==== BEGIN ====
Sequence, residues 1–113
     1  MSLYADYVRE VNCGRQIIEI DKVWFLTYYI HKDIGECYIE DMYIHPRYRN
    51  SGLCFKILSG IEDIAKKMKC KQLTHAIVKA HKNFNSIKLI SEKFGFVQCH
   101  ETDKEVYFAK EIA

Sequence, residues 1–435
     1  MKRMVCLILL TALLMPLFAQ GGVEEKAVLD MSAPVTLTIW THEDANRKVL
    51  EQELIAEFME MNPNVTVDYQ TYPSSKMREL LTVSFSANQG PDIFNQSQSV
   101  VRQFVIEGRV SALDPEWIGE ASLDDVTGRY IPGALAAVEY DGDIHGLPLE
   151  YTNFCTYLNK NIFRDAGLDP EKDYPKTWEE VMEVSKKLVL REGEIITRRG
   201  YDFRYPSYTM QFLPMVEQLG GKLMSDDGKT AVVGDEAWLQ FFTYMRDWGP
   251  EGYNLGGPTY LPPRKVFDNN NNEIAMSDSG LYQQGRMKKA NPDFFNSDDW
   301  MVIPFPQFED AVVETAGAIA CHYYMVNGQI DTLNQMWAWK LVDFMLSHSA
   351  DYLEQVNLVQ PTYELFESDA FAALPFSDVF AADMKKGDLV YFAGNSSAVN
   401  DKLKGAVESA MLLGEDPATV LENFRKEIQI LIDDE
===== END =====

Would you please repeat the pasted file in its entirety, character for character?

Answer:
Sequence, residues 1–113
     1  MSLYADYVRE VNCGRQIIEI DKVWFLTYYI HKDIGECYIE DMYIHPRYRN
    51  SGLCFKILSG IEDIAKKMKC KQLTHAIVKA HKNFNSIKLI SEKFGFVQCH
   101  ETDKEVYFAK EIA

Sequence, residues 1–435
     1  MKRMVCLILL TALLMPLFAQ GGVEEKAVLD MSAPVTLTIW THEDANRKVL
    51  EQELIAEFME MNPNVTVDYQ TYPSSKMREL LTVSFSANQG PDIFNQSQSV
   101  VRQFVIEGRV SALDPEWIGE ASLDDVTGRY IPGALAAVEY DGDIHGLPLE
   151  YTNFCTYLNK NIFRDAGLDP EKDYPKTWEE VMEVSKKLVL REGEIITRRG
   201  YDFRYPSYTM QFLPMVEQLG GKLMSDDGKT AVVGDEAWLQ FFTYMRDWGP
   251  EGYNLGGPTY LPPRKVFDNN NNEIAMSDSG LYQQGRMKKA NPDFFNSDDW
   301  MVIPFPQFED AVVETAGAIA CHYYMVNGQI DTLNQMWAWK LVDFMLSHSA
   351  DYLEQVNLVQ PTYELFESDA FAALPFSDVF AADMKKGDLV YFAGNSSAVN
   401  DKLKGAVESA MLLGEDPATV LENFRKEIQI LIDDE